Kiss and cry is a term that describes the area or box that ice skaters exit to after performing. It’s referred to as this because figure skaters and their trainers will often kiss each other after great performances, and cry together after a bad performance.
Cancer also has this kiss and cry area. Cancer has good performances where everyone kisses and hugs each other, and sometimes cancer brings bad performances and tears are shed. The story I’m sharing with you all today follows a young figure ice skater and aspiring singer, Carley Elle Allison. She left behind a legacy and way of life that only someone in her shoes can share with us.
The only time you should ever look back, is to see how far you’ve come.
So often we get caught up in everything that’s going wrong in life, we forget to relish in what’s going right. However, Carley Allison seemed to live by looking on the bright side of things despite going through a diagnosis, chemotherapy, blood transfusions. Not to forget the side effects of chemo that she lived through like nausea, vomiting, hair loss, weight loss, and so much more. But even through all of her own ups and downs, her mother stated in an interview that Carley never once asked, “Why me?” or “Why did I have to get cancer?”
Carley seemed to be big on pinky promises. She always wanted everyone to keep on smiling. Don’t ever stop smiling. No matter what happens or how low the lows get. Through her struggles, she continued to smile whether she was getting a chemo treatment or practicing on the ice. A very simple reminder that may very well change how we view our own lives… If we just smile.
As a future professional hoping to work with children and adolescents suffering from terminal illnesses like cancer, I take away quite a few life lessons from Carley’s story that I hope to use moving forward in the field of Child Life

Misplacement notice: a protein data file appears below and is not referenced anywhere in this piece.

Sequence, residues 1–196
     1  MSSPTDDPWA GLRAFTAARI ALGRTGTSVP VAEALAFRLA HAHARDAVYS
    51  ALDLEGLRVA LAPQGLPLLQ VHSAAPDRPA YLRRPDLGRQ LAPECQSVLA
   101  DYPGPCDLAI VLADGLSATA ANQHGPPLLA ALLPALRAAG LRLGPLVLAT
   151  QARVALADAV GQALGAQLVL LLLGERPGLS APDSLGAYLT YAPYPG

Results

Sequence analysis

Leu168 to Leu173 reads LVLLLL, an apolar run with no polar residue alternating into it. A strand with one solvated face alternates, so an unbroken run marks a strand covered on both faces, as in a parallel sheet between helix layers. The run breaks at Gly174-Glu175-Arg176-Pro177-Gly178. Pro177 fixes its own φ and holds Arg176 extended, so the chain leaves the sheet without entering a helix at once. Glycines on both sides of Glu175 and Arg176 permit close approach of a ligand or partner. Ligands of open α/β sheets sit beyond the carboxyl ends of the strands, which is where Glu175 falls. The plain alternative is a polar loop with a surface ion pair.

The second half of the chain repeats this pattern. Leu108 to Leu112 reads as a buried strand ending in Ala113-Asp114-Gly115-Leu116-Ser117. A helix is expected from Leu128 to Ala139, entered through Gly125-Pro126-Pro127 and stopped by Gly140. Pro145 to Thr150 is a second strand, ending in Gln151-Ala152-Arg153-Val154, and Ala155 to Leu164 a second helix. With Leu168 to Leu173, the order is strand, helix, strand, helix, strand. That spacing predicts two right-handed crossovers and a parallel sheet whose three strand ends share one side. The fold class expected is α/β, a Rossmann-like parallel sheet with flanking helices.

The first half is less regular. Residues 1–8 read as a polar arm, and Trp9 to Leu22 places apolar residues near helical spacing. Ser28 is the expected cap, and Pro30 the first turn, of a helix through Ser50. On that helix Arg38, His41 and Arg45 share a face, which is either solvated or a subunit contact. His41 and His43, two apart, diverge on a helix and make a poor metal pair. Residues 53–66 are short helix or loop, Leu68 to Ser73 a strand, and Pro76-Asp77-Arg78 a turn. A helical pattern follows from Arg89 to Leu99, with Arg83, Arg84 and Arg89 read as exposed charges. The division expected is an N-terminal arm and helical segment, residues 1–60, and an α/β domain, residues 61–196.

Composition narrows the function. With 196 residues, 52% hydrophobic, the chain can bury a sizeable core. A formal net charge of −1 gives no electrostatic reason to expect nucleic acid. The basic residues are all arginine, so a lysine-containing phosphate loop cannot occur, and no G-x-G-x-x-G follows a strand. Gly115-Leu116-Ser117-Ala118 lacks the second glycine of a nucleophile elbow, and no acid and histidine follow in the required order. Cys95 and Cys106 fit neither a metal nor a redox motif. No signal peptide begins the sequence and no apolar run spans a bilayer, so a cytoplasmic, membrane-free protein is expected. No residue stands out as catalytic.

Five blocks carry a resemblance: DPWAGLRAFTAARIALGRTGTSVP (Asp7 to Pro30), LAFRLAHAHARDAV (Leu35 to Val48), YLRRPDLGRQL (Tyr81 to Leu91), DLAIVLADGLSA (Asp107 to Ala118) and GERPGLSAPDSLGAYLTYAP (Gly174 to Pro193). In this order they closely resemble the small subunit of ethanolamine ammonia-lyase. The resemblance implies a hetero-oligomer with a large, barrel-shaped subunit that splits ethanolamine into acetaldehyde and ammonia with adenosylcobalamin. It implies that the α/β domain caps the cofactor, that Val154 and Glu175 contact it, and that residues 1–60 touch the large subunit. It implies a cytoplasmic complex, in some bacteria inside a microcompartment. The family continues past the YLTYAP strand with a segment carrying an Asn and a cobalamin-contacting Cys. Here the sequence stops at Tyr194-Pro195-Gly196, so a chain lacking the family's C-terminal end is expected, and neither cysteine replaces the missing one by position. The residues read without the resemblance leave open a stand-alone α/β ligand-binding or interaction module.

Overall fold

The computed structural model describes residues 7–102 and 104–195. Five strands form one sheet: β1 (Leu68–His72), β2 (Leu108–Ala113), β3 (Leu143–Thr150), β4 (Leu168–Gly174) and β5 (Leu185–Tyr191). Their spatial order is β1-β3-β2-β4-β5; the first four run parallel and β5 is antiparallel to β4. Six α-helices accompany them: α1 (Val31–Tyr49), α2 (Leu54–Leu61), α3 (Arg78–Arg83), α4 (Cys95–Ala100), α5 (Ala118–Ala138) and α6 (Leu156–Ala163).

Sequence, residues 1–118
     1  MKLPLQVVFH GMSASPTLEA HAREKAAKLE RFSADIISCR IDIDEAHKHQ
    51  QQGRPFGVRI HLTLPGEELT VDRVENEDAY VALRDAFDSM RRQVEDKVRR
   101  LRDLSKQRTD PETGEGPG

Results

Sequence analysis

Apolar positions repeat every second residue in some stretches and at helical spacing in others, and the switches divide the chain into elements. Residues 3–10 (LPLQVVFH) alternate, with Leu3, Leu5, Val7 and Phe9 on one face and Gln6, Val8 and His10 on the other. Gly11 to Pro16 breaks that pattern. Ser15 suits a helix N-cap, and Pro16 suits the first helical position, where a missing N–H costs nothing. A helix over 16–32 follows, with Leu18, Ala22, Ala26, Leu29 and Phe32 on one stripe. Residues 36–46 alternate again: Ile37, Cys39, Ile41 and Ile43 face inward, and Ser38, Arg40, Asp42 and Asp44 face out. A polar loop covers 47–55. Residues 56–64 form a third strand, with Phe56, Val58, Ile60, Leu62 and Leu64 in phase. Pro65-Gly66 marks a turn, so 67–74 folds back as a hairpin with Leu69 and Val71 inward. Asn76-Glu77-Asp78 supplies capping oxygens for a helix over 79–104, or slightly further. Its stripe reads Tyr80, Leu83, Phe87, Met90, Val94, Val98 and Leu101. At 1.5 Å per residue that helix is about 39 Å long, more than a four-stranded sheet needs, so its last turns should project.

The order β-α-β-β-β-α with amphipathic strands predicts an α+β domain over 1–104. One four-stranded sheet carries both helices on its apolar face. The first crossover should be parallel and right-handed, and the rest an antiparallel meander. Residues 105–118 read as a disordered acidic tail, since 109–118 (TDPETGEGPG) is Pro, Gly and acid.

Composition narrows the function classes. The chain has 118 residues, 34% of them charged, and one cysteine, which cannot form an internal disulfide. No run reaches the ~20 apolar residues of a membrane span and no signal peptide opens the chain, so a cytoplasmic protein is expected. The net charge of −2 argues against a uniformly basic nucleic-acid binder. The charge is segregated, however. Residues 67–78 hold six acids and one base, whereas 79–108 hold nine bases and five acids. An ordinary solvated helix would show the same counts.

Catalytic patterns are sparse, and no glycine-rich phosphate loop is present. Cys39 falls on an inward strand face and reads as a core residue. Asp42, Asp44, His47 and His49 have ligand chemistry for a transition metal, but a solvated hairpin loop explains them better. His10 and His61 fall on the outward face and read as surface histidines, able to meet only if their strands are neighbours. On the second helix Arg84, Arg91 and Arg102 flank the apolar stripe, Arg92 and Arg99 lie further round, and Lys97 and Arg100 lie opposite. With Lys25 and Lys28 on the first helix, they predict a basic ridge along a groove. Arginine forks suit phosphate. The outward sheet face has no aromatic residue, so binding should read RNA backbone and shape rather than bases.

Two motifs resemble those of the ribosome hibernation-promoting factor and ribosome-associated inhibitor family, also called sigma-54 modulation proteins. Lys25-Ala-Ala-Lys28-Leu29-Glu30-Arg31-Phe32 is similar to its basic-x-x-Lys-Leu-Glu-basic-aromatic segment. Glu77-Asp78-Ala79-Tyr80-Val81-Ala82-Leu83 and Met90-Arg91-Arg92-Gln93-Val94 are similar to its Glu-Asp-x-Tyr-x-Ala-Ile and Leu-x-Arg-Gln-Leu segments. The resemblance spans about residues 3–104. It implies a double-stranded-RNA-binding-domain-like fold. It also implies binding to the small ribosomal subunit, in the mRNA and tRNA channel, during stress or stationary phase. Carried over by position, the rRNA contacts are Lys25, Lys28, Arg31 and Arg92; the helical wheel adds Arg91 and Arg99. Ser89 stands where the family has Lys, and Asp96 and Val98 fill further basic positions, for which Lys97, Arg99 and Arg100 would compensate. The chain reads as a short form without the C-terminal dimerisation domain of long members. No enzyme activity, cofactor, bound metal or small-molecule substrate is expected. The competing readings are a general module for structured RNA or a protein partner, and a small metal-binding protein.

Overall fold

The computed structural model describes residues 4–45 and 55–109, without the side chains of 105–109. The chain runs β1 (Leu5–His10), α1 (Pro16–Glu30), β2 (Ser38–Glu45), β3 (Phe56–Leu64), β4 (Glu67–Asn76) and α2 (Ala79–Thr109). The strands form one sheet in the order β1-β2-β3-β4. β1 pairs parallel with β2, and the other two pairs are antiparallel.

[Don’t be afraid to show my own emotion to patients and their families]
I don’t have to pretend I’m perfect or
unaffected or STRONGER than the toughest metal on earth. I’m a human. I’m imperfect. I’m normal. I don’t always need to have my full body suit of armor on 24/7 in front of others. Granted, I hope to never, ever “ball my eyes out” in front of a patient and their family! However, I think it’s realistic to expect that I will become emotional at some point. And that is okay. There is nothing wrong with a few tears.
[Continue to fiercely love the others around me]
Carley seemed to exemplify this precisely. I hope to bring this same kind of love into the field of Child Life, so much so, that my patients can feel the passion I will have for helping them and for carrying out my duties as a future Child Life Specialist. Love and compassion embodies family-centered care. These characteristics can change outcomes on recovery. Love is powerful. Compassion is necessary.
[I don’t always have to have all the right answers… Or even any answers at all]
Wait. What? I don’t have to have all the answers? Nope. Remember that first bold statement? I’m human. My patient might react differently to a treatment I’ve seen used a hundred times before. That other patient might abhor the smell of that jello I just brought her, even though the patient next door absolutely loved it. And those are just some of the little things. I might not know everything about cancer. I probably won’t know precisely how to answer every single question every time. But what I do know right now, is that I will never stop trying to find all the right information, and relay as much of my knowledge in the best approach possible to each individual patient. That is the key to finding the answers.